Three months after a deadly landslide wiped out the community of Oso, Wash., officials have selected a company to deal further with wreckage that remains.
The Snohomish County Council agreed Wednesday night to award a $6.4-million contract to IMCO General Construction to handle "sorting, screening, redistributing, grading and removal of slide debris."
The March 22 slide killed 43 people. The youngest was a 4-month-old girl, the oldest a 91-year-old woman. The body of one victim, Molly Kristine "Kris" Regelbrugge, 44, has not yet been found. Active search operations were called off in late April.
After the slide, search-and-rescue teams went through debris. IMCO will handle any matter that the teams put on private property, largely near roadsides, Gary Haakenson, a county executive director, told the Los Angeles Times.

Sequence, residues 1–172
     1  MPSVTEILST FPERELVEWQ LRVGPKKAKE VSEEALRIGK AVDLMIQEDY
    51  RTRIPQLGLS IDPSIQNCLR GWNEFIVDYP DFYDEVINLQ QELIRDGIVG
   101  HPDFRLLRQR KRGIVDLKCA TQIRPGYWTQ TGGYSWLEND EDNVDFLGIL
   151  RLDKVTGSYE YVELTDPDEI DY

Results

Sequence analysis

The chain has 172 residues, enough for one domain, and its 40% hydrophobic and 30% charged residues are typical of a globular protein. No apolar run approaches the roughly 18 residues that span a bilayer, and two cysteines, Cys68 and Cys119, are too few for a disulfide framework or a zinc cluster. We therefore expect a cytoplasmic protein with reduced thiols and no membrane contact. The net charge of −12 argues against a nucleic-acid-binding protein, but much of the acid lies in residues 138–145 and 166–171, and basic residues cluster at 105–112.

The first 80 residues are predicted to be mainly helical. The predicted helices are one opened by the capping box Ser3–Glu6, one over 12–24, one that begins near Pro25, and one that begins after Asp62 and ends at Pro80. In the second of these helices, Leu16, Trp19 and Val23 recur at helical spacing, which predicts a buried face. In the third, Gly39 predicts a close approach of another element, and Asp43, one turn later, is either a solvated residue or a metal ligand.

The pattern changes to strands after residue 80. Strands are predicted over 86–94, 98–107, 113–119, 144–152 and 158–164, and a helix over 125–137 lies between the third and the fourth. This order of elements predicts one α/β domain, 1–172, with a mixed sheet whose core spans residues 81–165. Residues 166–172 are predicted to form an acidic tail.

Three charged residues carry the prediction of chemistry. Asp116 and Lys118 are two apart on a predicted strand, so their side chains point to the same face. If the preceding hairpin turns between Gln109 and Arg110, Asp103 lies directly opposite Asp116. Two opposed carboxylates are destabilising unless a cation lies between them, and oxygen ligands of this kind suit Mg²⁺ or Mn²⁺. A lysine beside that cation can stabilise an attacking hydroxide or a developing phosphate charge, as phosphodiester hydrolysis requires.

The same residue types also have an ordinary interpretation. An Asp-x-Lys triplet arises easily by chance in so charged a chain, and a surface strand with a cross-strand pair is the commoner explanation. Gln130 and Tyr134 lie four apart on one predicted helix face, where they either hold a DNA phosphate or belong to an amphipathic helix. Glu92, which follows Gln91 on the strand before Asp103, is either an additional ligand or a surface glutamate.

"We want people to know that we're not just going in and shoveling stuff off," he said. Sifting has "already been done once, and we're being cautious as we do it again."
"We are using the medical examiner protocols that were set up during the search-and-rescue mission," Haakenson emphasized, adding that every scoop of dirt would be monitored.
Items that former residents might want to reclaim will be taken to a family reunification center and cleaned up, Haakenson said. Logs and other plant matter are to be ground into chips and left on site.
A bid award recommendation from the county said the work was expected to begin June 25 and be done by Sept. 22. Federal Emergency Management Agency funds can cover 87% of the cost, it said.
The slide also left a stretch of State Route 530 — a key highway between the small cities of Arlington and Darrington — unusable. About 18 million gallons of mud were bulldozed aside in the weeks that followed, and one of the highway's two lanes reopened May 31. The other lane is expected to reopen in October, Haakenson said.